TECHNOLOGY

Snap CEO Evan Spiegel Needs to Admit That the Company Is In Trouble

How can investors trust a CEO who pretends that the problems with his business don’t exist?

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BY Sonya Mann - 11 May 2017

Stop looking so sassy, Snapchat ghost. You're in trouble.

PHOTO CREDIT: Getty Images

Snap Inc.'s first earnings report as a public company was a disaster. The stock market knows it.

Shares in the maker of Snapchat fell 25 percent in after-hours trading -- which is especially notable since so many stockholders are still barred from selling by the lock-up period, as financial journalist Dan Primack pointed out. The tumble would likely be worse otherwise. Users only increased 5 percent quarter-over-quarter, while average earnings per user decreased. Revenue was up by a large percentage, coming in just shy of $150 million, but that's less meaningful when you're starting with a small number. Some investors anticipated the weak results and shorted the company's stock aggressively.

Perhaps the rest of the investors should be concerned that the executives on the earnings call sounded positively chipper, as if they hadn't had a disappointing quarter or missed guidance at all.

The dismal growth in daily active users is fine and dandy, the executives implied, because its audience still dwarfs most TV companies. That's a red herring -- as ad dollars increasingly leave TV for digital, Snapchat will be competing against other social media platforms, not the once-mighty likes of ESPN. Right now the company looks poised to limp along like Twitter instead of charging ahead a la Facebook and Instagram.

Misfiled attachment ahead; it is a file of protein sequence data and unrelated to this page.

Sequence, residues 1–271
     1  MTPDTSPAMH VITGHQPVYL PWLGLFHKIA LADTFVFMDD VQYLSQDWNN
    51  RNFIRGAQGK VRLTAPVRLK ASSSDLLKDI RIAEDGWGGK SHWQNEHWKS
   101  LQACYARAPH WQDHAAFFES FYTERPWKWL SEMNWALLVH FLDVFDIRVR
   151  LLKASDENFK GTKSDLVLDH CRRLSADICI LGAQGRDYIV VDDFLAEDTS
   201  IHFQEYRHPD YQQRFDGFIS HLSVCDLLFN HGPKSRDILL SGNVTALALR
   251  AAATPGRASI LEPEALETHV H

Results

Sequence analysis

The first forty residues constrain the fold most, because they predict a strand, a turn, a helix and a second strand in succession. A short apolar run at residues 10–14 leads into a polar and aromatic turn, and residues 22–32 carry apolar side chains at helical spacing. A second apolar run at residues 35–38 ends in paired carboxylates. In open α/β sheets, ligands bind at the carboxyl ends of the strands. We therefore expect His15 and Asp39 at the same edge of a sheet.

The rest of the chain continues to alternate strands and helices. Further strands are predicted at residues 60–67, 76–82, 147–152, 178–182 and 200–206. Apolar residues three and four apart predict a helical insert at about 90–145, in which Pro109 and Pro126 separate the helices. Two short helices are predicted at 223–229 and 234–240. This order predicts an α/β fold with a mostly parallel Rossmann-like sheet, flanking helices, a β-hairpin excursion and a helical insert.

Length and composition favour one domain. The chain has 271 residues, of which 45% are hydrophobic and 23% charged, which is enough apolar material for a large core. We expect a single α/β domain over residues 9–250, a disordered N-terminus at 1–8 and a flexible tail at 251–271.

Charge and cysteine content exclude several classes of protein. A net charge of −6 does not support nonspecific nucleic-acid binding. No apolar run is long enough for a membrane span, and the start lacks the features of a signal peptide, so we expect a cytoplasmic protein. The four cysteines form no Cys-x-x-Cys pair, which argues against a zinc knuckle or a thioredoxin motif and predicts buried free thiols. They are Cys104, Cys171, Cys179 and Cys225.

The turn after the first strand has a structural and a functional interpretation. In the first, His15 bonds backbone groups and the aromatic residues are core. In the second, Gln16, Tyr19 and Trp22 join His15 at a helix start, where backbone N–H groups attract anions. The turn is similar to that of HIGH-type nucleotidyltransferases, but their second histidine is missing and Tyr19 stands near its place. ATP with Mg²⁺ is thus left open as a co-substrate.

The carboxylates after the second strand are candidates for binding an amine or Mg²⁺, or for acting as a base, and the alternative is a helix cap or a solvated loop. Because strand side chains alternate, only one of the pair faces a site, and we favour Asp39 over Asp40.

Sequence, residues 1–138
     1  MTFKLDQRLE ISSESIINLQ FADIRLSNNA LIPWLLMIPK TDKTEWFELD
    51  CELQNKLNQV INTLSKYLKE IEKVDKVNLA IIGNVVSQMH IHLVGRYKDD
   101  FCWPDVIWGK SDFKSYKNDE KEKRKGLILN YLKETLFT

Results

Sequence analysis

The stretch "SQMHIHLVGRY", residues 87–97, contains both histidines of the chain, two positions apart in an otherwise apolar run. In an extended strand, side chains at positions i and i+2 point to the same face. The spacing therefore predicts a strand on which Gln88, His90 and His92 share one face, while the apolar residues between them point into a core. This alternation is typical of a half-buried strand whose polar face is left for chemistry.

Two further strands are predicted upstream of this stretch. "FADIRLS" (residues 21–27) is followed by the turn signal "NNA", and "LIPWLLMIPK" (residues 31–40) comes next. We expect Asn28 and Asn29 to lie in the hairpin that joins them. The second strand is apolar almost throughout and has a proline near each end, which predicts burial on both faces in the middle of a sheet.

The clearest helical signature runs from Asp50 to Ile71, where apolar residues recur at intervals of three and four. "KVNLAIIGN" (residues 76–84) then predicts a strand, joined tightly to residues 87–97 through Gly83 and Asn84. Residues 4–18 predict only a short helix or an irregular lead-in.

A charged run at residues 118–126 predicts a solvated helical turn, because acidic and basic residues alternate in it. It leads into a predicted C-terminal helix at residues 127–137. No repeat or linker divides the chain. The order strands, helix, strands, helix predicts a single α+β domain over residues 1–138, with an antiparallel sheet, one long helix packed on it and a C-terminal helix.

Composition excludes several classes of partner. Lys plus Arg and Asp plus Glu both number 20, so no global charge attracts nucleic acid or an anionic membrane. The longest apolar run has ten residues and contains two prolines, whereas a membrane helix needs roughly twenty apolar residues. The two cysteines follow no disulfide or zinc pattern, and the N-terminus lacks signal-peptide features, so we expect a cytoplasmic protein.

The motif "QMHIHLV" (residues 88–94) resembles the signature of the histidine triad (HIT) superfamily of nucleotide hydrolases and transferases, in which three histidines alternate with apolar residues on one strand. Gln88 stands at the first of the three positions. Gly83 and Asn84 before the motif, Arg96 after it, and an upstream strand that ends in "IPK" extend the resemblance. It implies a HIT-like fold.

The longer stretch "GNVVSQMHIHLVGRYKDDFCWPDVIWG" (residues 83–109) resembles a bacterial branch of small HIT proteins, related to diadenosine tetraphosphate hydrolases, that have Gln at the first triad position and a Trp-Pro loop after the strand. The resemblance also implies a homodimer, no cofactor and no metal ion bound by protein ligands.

Answering questions from analysts, CEO Evan Spiegel returned to the theme of "creativity" multiple times, emphasizing how much current users enjoy and return to the app, as well as the company's own ability to innovate. He derided the focus on daily active users, dismissing many companies' efforts in this area as cheesy "growth-hacking" that Snap wants to rise above. Spiegel admitted that the need for a high-end smartphone and strong cellular connectivity inherently limit Snap's growth in developing countries, at least until their amenities catch up with the rest of the world.

Snap is undeniably a mold-breaking product that many users love. It also has no competitive moat. Most users' social graphs are already duplicated on Facebook properties, and Instagram's clone of Snapchat Stories has surged ahead of the original in terms of usership. There is essentially no cost to users if they want to drop Snapchat, or never start using it in the first place, since the attractive features will show up on an app they already use soon enough.

One analyst asked Spiegel and his team why an advertiser would choose Snapchat instead of "dumping more money into Facebook." Chief strategy officer Imran Khan said that Snapchat's full-screen, full-sound option is the best mobile ad product in the world. What Khan's didn't explain was why he and Spiegel they can win against Facebook, when the latter company has vastly more users as well as more mature targeting and analysis capabilities.

Until Snap can make a more compelling case for itself, the company had better learn how to brace Wall Street for bad news. Overpromising and underdelivering isn't a recipe for success, not even for a company whose CEO can never be fired.